To hire the right candidate, you should avoid ‘Numbers Myopia’
One of the things I often do is to look at job ads, specifically those related to salespeople: it’s not one of my hobbies, but it’s something I enjoy and it’s also educational.
Looking at these allows me to know more about the market (national and international), my country, the type of roles sought-after, the characteristics they should have and the perception companies have of salespeople.
Let’s start from this so we can delve into a topic that is not often considered, something I name ‘Numbers Myopia’.
Let’s start with an example: if you search on any job site you’ll find that most of the time one of the characteristics sought is the quota achieved, perhaps for a certain number of years in a row.
In some cases the achievement of certain titles (such as President’s Club or similar) is also a prerequisite.
Now, there’s nothing wrong with this: I also use the quotas achieved as a business card and it often helps, but the error is to give too much importance to these numbers.
In other words, the problem arises when the numbers drown out our vision and don’t let us look at everything else: the result is that, just like myopia, we just focus on what’s nearby but we see everything else in a blurred and distorted way.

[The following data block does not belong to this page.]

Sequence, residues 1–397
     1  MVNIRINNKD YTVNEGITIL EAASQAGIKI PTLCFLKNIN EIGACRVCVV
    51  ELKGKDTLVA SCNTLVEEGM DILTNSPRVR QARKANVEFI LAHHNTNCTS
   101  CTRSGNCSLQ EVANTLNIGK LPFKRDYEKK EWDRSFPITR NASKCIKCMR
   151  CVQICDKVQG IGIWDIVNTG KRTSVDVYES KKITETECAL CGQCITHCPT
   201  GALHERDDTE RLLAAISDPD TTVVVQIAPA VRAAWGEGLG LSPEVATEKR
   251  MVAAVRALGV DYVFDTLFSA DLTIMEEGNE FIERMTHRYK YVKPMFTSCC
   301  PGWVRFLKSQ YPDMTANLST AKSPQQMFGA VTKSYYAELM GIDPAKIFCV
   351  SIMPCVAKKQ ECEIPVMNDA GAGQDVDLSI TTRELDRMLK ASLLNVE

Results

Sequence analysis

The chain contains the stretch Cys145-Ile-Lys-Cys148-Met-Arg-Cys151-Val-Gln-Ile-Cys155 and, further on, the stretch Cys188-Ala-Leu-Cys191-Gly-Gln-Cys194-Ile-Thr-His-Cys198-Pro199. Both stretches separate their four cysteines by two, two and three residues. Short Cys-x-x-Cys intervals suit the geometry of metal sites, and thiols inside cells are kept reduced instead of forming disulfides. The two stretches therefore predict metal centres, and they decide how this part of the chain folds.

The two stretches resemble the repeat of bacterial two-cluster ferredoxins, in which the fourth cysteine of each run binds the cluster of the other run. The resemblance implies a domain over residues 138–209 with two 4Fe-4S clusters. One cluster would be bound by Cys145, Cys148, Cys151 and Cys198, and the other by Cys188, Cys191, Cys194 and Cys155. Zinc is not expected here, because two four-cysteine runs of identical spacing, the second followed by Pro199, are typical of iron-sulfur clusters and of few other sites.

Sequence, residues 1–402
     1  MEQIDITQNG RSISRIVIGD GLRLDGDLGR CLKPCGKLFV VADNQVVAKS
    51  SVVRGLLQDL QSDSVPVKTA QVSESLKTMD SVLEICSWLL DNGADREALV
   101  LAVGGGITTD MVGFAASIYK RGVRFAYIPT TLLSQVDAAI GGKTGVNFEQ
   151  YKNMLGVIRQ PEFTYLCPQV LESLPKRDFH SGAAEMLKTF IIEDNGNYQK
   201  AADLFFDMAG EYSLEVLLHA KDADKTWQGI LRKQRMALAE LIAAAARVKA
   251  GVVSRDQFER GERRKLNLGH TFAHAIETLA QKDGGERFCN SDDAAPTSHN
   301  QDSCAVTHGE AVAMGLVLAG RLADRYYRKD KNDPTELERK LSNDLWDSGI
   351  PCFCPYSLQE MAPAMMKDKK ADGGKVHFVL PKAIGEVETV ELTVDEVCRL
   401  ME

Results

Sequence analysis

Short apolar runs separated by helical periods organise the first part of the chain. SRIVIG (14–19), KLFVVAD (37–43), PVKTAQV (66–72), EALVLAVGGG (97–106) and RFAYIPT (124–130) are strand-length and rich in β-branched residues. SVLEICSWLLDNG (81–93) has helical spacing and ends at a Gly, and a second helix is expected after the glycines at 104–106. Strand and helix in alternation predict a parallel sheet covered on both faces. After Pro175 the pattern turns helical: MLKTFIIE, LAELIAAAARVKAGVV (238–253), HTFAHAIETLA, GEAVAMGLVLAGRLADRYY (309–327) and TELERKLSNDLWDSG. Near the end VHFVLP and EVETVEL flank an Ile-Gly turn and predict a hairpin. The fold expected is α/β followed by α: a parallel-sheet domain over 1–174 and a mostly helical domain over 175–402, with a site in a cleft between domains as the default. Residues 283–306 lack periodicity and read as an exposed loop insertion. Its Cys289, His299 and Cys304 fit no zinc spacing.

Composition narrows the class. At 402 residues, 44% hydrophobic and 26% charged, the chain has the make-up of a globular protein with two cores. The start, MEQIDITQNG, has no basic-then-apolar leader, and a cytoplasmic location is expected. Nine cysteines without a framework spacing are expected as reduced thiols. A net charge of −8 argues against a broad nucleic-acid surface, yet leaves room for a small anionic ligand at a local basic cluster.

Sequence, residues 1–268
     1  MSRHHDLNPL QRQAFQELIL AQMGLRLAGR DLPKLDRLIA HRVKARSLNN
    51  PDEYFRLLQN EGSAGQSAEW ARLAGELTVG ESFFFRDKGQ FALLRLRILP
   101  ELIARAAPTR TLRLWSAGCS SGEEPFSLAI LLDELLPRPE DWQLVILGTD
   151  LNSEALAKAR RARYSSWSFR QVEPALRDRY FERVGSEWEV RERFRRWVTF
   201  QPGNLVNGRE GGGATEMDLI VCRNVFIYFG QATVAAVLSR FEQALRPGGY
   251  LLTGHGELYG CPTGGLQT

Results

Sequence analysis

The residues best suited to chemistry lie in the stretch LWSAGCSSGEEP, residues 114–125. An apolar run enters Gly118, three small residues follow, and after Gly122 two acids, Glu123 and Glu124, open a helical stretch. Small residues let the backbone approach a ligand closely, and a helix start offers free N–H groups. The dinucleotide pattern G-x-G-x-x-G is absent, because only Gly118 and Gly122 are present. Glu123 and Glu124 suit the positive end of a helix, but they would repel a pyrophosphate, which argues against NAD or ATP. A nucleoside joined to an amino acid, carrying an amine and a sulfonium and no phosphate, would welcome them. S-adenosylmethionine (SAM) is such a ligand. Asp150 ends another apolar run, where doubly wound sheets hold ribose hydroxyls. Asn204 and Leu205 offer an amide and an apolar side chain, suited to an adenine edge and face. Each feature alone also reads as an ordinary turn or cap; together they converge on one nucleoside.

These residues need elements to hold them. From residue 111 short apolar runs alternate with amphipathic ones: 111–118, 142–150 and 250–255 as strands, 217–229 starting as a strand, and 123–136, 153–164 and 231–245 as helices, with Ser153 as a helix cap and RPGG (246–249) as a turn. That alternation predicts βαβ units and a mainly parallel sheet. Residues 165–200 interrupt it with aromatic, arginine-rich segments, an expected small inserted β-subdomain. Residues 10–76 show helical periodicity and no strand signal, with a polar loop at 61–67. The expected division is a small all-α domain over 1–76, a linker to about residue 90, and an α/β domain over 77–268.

The reality is that a sales performance should be contextualised in order to be judged appropriately – in fact, it is necessary to take into account the solutions sold and, for example:
- the historical and social time the salesperson works in;
- the conditions of the market;
- the maturity of the market
- and, above all, the level of support offered her during that time.
Taking these variables into account shifts the concept of effectiveness from the quota to the market: the effective salesperson won’t be the one who has achieved the highest numbers but the one who (considering these variables) achieved the best possible result.
According to this the next time you’ll hire a salesperson, don’t get distracted by the ‘Numbers Myopia’ but ask yourself and herself:
- What historical/social period was she working in?
- What were the conditions of the target market?
- How mature was the target market?
- How much support was offered her throughout this time?
These (and other) questions will help you better contextualise her performance and look beyond.